Gas turbine engines in planes provide the required thrust by sucking in air, heating it to very high temperatures in a combustion chamber, and finally exhausting it at high velocities. As they operate, small inorganic particles such as volcanic ash get sucked in along with the air. These particles melt in the high-temperature zones in the combustion chamber and solidify onto the cooler zones in the engine such as the turbine blades. Over time, these droplets solidify and accumulate on the surface of the gas turbine, deforming the blades and blocking cooling holes, which deteriorates the performance and the life of the engine.
While the deposition phenomenon is unavoidable, predicting the process can help engineers develop and modify engine designs. One of the main aspects of the deposition process is determining how molten droplets solidify in contact with a cooler surface, and an accurate simulation of this process is fundamental to understanding the process.
In a study published in the International Journal of Heat and Mass Transfer, a group of scientists from Japan developed a model that can quickly and accurately simulate the solidification of a single molten droplet on a flat surface. Their model does not require any prior information to setup and can be used to develop models that can predict the deposition process in jet engines.
The research term consisted of Dr. Koji Fukudome and Prof. Makoto Yamamoto from the Tokyo University of Science, Dr. Ken Yamamoto from Osaka University, and Dr. Hiroya Mamori from The University of Electro-Communications.
Unlike previous models that assumed the surface to be at a constant temperature, the new approach simulates the solidification process by considering the droplet behavior and the heat transfer between the hotter droplet and the cooler surface. “We have been simulating droplet impact, but we could not ignore the difference from the experiment. In this study, we thought that taking into account the temperature change of the colliding wall surface would be consistent with the experiment,” explains Dr. Fukudome.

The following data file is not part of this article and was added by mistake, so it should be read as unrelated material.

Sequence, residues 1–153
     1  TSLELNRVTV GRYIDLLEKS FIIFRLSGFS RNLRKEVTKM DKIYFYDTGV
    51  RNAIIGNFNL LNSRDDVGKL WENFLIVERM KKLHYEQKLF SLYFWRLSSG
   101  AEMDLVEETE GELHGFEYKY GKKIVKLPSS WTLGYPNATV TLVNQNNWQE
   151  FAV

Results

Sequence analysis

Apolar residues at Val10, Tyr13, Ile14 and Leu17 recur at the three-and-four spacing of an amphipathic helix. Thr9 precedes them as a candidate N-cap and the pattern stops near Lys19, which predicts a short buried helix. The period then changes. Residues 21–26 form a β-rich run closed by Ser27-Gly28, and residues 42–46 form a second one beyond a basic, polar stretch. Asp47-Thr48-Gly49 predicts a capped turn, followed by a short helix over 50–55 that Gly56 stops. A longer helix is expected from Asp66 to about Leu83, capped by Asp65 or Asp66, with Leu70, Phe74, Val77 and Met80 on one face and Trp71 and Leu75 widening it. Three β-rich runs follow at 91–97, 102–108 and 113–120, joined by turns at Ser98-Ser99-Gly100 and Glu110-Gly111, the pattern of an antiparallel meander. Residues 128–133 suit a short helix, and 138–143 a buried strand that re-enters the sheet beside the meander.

To have a less computationally intensive model, the researchers opted for a mesh-less moving particle semi-implicit (MPS) method which did not require multiple calculations on each grid. The MPS method is based on fundamental equations of fluid flow (such as the incompressible Navier-Stokes equations and mass balance conservation equations) and has been widely used to simulate complex flows. Meanwhile, the temperature change inside the substrate was computed using the grid-based method, so that we used the coupling method of both particle-based and grid-based methods.
Using this approach, the researchers simulated the solidification of molten tin droplet on a stainless steel substrate. The model performed relatively well and was able to replicate the solidification process observed in experiments. The simulations also provided an in-depth view into the solidification process, highlighting the spreading behavior and the temperature distribution of the droplet as it comes in contact with the solid surface.
Their simulations showed that the solidification is dependent on the thickness of the liquid film that was formed after the molten droplet had come in contact with the surface. Solidification initiates as the liquid film expands on the surface and was first observed at the edge of the liquid film near the surface. As the liquid film continues to spread and become thinner, solidification progresses until the entire film is turned into solid particles.
These findings are an improvement on current solidification models and the team is hopeful that their current approach can be used to build more complex deposition models. “There is no universal model for predicting depositions. Therefore, when considering the deposition of a certain droplet, a model is created by conducting experiments in advance, and numerical predictions are made. This study is expected to be a pioneer in the development of a universal deposition model,” Dr. Fukudome remarks.
Thanks to this study, engineers and scientists can get a better understanding of the complex deposition phenomena and jet engine designs can be redesigned to be safer and long-lasting.